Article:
Senior minister caught ‘in the act’ of accepting $2 million bribe in sting sanctioned by Putin

detained Economy on charges of taking a US$2 bribe to approve a major privatization sale — the highest level to be jailed in President Putin’s 16-year rule.

Ulyukayev, 60, was detained on Monday “in the act” of receiving the cash, said Svetlana , a spokeswoman for Russia’s Investigative Committee. He was later charged with demanding the money from PJSC to allow its purchase last month of the government’s 50 percent stake in regional oil producer Bashneft PJSC, the agency said in a statement. The deal complied with the law and isn’t a subject of the probe, according to .

The arrest of the prominent liberal economist, which was announced at 2:30 a.m. in , shocked the government and elite.

The Rosneft bid, championed by its boss Igor Sechin, had provoked a high-level conflict within the government. Prime Minister Dmitry Medvedev and other top officials including Ulyukayev opposed it until Putin swung in favor of the deal. Putin praised Ulyukayev two years ago as “one of our best specialists in the field of economics.”

“Ulyukayev had been associated with liberal economic reforms since the 1990s and a lot of people in the elite didn’t like him,” Olga Kryshtanovskaya, an expert on the Kremlin’s inner circle at the Russian Academy of Sciences, said Tuesday. “This suggests that there could be some political motive.”

Mikhail Klimentyev/Sputnik
Mikhail Klimentyev/Sputnik In this Jan. 26, 2016 pool photo, Russian President Vladimir Putin, left, listens to Economic Alexei Ulyukayev in the Kremlin.

Putin was aware of the case “from the start of the investigative operations,” the president’s spokesman, Dmitry Peskov, told reporters. “These are very serious accusations, and only a court can pass a verdict,” he said.

If convicted, Ulyukayev could face up to 15 years in prison. It wasn’t immediately clear if he had a lawyer. He was expected to be arraigned in Moscow’s Basmanny Court later Tuesday, a spokeswoman said. An Economy Ministry spokeswoman couldn’t be reached for comment Tuesday.

The speaker of the lower house of parliament, Vyacheslav Volodin, said the arrest showed that “everyone is equal before the law,” Interfax reported. State television led its news bulletins on the minister’s , above the banner “The Fight Against Corruption.”

“This is the first time they have slapped handcuffs on a minister,” said Kirill Kabanov, who heads the National Anti-Corruption Committee, an independent research group in Moscow. “This case could draw in other people, possibly even higher-ranking ones,” he added.

AP Photo/Ivan Sekretarev
AP Photo/Ivan Sekretarev Russian Economic Development minister Alexei Ulyukayev, center, is escorted to a court room in Moscow, Russia, Tuesday, Nov. 15, 2016.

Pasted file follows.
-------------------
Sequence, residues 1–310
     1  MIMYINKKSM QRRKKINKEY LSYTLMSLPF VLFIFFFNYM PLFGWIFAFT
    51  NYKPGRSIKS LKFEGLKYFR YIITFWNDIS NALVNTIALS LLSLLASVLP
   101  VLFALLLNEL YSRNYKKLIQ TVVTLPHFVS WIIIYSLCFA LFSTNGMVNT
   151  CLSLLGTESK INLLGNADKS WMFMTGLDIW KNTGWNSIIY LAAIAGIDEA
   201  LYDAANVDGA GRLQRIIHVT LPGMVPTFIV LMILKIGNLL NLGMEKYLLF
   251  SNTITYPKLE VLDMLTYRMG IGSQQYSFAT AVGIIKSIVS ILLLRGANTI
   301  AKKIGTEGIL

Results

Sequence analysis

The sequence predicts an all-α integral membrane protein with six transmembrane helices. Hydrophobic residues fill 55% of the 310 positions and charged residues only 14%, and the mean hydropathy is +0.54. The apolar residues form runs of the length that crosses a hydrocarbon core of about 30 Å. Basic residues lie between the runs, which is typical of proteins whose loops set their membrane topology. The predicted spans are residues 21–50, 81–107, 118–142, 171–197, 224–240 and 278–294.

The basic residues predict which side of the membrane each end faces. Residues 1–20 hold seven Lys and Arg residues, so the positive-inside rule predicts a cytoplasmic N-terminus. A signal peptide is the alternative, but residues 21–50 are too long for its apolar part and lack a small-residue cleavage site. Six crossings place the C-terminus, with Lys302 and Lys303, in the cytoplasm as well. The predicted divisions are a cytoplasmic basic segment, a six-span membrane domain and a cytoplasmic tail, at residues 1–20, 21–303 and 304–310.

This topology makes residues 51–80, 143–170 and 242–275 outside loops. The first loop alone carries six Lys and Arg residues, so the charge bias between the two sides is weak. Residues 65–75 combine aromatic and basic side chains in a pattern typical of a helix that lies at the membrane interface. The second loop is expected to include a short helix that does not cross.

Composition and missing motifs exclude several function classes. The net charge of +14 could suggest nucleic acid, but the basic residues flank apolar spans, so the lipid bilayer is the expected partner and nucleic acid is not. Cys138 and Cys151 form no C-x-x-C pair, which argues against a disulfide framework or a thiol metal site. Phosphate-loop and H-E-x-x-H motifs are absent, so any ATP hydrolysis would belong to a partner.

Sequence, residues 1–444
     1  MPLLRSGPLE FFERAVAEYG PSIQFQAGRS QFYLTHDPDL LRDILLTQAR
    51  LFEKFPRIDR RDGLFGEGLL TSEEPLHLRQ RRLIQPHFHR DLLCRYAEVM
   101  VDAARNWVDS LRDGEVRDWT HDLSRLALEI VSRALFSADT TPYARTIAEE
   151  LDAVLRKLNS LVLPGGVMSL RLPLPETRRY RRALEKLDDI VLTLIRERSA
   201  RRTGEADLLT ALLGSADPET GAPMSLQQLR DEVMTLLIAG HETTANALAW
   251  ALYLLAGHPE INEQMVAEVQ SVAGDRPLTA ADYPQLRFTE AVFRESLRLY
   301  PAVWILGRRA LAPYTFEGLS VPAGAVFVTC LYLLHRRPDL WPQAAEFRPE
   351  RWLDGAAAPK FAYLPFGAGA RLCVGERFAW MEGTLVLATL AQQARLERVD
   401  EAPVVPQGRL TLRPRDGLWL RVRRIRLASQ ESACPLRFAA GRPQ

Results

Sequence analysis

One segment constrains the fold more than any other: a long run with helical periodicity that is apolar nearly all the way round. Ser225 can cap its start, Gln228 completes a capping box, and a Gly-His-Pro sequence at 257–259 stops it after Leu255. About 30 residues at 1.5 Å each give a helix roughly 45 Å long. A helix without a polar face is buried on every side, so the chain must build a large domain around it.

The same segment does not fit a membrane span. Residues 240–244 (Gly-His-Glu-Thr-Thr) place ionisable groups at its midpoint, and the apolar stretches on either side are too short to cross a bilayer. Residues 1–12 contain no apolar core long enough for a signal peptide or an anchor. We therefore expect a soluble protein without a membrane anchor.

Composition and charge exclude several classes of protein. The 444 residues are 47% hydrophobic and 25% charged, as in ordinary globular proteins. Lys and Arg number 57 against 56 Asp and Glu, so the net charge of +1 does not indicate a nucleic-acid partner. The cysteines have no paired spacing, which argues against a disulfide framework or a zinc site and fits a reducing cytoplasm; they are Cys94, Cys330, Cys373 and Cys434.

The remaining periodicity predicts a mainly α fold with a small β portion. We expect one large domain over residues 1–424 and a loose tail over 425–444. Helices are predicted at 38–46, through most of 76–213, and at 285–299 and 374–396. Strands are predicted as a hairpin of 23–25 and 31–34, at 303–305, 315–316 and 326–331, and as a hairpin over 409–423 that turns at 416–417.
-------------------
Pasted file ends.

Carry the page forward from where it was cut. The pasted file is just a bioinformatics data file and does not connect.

Ulyukayev is by far the most prominent figure to be caught in a recent wave of highly publicized cases against governors, deputy ministers and lesser officials for alleged corruption, fraud and extortion, some of which have been described by analysts as politically motivated or the result of infighting. Putin named Ulyukayev, at the time a first deputy governor of the Bank of Russia, economy minister in June 2013.

The Investigative Committee said its probe began after Rosneft reported that Ulyukayev had threatened to “create obstacles in the future for the company” if the bribe was not paid. Investigators wiretapped Ulyukayev’s phone for months, Interfax reported, citing an unidentified law-enforcement official. The minister was detained after a sting Monday in which a Rosneft representative delivered the bribe, the news service said.

The head of the main business lobbying group, the Russian Union of Industrialists and Entrepreneurs, Alexander Shokhin, questioned the investigators’ case, saying that Ulyukayev had merely rubber-stamped the deal.

“No one, neither experts nor officials, expressed any doubts that the price for Bashneft, 329 billion rubles, was a market one,” Shokhin was cited as saying by the news site. “So to take a bribe for a market valuation is a strange accusation.”

The government sold Bashneft at a modest premium to the market on Oct. 12 in the largest privatization deal so far this year. Rosneft doesn’t see any threat to the company or the Bashneft acquisition because of the criminal case, spokesman Mikhail Leontyev said by phone on Tuesday.

State-controlled VTB Bank PJSC, which handled the sale, said that law enforcement authorities have “absolutely no” complaints about its participation in the privatization. Ulyukayev’s detention “was news to us, as it was to everybody,” it said on its website.

About Elena Mazneva and Henry Meyer, Bloomberg News